Sunday, July 01, 2007

Take-aways from BPM-Forum session

Recently I visited a session of the Dutch BPM-Forum (, where a dutch Insurance company talked about the implementation of a BPM tool (in this case for a claims handling process.

Some key take-aways:

1. In the experience of the insurance company, in the end, the tools were NOT the issue. Most time was spent on understanding processes.
In my view, this is essential. Many vendors claim that their tools can do magic. Well, sure, but you still need a lot of work trying to understand and correctly model the processes. Business analysis is a key skill that you need in a BPM project, so be carefull with BPM projects run as an IT powerplay.

2. They understood that the processes they were trying to model, where too difficult to define in a sequential flow model. There were too many exceptions and possible events with unpredictable timing. They decide to take a Case management approach.

A great pictore from vd Aalst (professor on BPM at Technical University of Eindhoven, The Netherlands) that was used:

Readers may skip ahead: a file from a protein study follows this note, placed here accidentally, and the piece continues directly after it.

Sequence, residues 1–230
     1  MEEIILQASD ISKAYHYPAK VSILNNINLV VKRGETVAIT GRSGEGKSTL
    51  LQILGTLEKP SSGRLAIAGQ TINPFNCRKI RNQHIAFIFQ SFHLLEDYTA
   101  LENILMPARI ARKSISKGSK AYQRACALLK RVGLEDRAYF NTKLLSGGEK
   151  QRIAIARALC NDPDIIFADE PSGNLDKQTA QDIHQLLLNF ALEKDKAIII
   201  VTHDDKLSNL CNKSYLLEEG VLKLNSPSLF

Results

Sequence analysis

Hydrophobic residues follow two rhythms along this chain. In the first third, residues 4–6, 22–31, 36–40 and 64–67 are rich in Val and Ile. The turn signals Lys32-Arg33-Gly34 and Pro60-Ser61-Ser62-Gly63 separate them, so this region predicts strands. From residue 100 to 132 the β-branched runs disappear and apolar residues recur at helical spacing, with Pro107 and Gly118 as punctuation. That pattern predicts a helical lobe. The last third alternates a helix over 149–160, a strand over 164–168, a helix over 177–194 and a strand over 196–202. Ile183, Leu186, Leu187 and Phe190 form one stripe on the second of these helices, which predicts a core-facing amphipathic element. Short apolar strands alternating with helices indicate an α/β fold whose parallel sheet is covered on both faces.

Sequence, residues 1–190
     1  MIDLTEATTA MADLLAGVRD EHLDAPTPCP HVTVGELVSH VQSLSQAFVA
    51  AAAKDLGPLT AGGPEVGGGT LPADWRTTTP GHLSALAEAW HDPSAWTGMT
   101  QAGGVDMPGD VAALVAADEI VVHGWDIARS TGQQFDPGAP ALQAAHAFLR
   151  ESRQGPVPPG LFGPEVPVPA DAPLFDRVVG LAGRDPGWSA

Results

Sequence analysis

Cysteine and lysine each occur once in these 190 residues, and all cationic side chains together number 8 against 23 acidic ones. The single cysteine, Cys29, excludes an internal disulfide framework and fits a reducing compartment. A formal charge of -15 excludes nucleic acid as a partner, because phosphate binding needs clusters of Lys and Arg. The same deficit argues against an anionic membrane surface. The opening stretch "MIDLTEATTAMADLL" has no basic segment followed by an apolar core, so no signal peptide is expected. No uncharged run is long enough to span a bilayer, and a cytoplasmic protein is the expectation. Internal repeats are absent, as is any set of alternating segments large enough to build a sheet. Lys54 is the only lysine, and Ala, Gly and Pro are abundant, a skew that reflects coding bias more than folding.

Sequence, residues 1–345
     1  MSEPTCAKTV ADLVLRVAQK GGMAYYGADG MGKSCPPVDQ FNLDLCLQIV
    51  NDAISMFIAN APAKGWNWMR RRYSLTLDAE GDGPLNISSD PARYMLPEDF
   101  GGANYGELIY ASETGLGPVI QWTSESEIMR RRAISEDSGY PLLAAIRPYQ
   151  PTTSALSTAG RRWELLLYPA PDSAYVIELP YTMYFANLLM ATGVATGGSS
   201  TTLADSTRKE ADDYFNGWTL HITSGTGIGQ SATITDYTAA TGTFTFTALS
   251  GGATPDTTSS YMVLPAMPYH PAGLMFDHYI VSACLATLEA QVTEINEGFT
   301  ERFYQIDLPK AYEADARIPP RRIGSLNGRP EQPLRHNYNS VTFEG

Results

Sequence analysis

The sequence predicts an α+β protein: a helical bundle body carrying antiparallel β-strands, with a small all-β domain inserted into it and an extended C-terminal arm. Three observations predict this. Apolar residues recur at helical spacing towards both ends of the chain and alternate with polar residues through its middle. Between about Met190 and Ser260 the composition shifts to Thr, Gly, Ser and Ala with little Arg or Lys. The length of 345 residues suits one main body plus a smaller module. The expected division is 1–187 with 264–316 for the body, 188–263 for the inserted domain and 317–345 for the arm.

Also see:

My lesson: start with processes, and be very aware of the complexity. Don't use a modelling tool to understand the processes (because it will make you see reality through the limitations of the tool), but first seek to understand more freely. Then make the call if this is sequential/decision stuff or more complex event-based/collaboration based stuff, and pick the right tool for modelling and execution for that.

3. Essential for the business case, was the ability to use existing functionality. They found ways to abstract and use services provided by the legacy system. This allows them to use current investments, while opening the possibility (through the abstraction) to stepwise replace legacy with new technology, as long as it delivers the same service.

4. A good strategy was the focus on external partners. Part of the strategy, from the start, was the ability to integrate (from a process and BPM-suite) perspective with events and processes from and to other players in the service chain.

5. They kept Content solution and Process solution separate (but did integrate it).

In my opinion important. Currently some businesses invest heavily in ECM solutions and take a document-centric approach to process, implementing process in the ECM tool. In my view, documents are a temporary solution for information exchange. So, base your proces engine on proces, and let it integrate with information providers, including unstructured/ECM suppliers.

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